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Post Options Post Options   Thanks (0) Thanks(0)   Quote pitrow Quote  Post ReplyReply Direct Link To This Post Posted: 30 September 2016 at 14:41
It's funny my wife and I were just discussing "soup season" last night. We decided it wasn't quite time yet, but another week or two should do it. We've been having some unusual warm spells for this time of year. Typically by now the AC would be shut down and I'd be cleaning out the pellet stove to get it ready but so far we haven't had the need for the pellet stove and the AC has still been running every day.

We were discussing clam chowder, and how she doesn't like it, but if we took out the clams it would then be potato chowder and she'd eat it! lol.

Anyway, your fennel and oyster chowder sounds really good! I might have to give that a shot, and make Taz's bacon potato chowder for her!
Mike
Life in PitRow - My often neglected, somewhat eccentric, occasionally outstanding blog
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Post Options Post Options   Thanks (0) Thanks(0)   Quote TasunkaWitko Quote  Post ReplyReply Direct Link To This Post Posted: 30 September 2016 at 14:52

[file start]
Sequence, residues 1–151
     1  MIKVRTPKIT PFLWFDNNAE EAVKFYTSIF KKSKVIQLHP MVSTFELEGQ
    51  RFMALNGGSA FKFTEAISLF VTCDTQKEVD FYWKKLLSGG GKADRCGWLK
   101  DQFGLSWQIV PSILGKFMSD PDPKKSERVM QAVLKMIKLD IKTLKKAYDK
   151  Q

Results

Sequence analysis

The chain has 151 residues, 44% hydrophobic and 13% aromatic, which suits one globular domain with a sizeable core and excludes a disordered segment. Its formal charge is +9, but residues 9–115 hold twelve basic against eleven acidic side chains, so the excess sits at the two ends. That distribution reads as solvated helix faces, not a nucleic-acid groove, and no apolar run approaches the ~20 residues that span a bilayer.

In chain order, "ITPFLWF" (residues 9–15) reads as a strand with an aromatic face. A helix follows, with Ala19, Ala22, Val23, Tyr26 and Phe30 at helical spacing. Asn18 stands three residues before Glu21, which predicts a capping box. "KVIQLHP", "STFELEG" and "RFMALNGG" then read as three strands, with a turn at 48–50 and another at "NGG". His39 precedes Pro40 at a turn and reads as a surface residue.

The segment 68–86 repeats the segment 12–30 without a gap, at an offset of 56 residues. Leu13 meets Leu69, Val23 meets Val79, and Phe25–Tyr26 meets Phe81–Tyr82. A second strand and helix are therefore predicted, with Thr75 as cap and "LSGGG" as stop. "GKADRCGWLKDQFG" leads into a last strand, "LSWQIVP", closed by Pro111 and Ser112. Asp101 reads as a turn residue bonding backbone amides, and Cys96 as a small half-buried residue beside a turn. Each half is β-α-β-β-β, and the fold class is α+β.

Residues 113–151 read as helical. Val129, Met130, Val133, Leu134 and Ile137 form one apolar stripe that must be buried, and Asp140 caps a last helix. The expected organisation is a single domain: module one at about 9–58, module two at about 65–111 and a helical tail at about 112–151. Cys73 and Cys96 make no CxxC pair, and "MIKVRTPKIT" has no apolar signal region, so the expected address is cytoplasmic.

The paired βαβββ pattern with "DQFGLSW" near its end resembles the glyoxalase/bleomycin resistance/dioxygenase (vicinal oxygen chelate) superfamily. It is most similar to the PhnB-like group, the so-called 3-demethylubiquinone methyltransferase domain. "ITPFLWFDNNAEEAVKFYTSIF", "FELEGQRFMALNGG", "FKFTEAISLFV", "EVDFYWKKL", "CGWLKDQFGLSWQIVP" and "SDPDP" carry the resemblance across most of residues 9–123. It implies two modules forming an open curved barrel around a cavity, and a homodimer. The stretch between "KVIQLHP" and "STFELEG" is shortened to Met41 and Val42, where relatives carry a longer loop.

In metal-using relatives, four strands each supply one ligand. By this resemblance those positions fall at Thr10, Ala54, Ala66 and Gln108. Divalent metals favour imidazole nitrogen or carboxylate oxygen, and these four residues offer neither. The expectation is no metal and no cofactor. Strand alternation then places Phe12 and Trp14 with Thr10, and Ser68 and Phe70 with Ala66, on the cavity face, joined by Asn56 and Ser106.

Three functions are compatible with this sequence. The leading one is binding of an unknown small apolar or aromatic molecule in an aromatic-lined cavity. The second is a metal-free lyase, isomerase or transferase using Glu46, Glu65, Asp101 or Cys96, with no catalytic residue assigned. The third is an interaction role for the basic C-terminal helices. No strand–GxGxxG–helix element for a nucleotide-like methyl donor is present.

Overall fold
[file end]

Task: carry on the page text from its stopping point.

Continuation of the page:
Mike - that Bacon Potato Chowder is really something. Cooking the onion and potato cubes in a little of the bacon fat really brings out some incredible flavor.

I actually took some photos the last time I made this, but never got around to posting them. Your interest has motivated me! I will try to format them and get them posted this weekend. They're just iPod photos, but they're better than nothing....

If you try it, I'd love to hear how you and the family liked it.
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Post Options Post Options   Thanks (0) Thanks(0)   Quote HistoricFoodie Quote  Post ReplyReply Direct Link To This Post Posted: 02 October 2016 at 06:36
Kohl Rabi Soup

1 chicken, cut up, or equivalent in parts
4-6 kohl rabi
1 ¼ tsp salt
2 tbls chopped parsley
4 tbls butter or lard
3 tbls flour
2 egg yolks
½ cup cream

Cook chicken for 30 minutes in salted water to cover. Peel the kohl rabi and cut into julienne strips. Add to the chicken with the salt and continue cooking until chicken and kohl rabi are tender, about another 25-30 minutes.

Remove chicken and kohl rabi; set aside separately. Defat the broth.

In a small skillet, wilt the parsley in butter or lard; add the flour and blend. Stir in 1 cup of the soup and continue stirring and cooking until thick and smooth. Thin with remaining soup.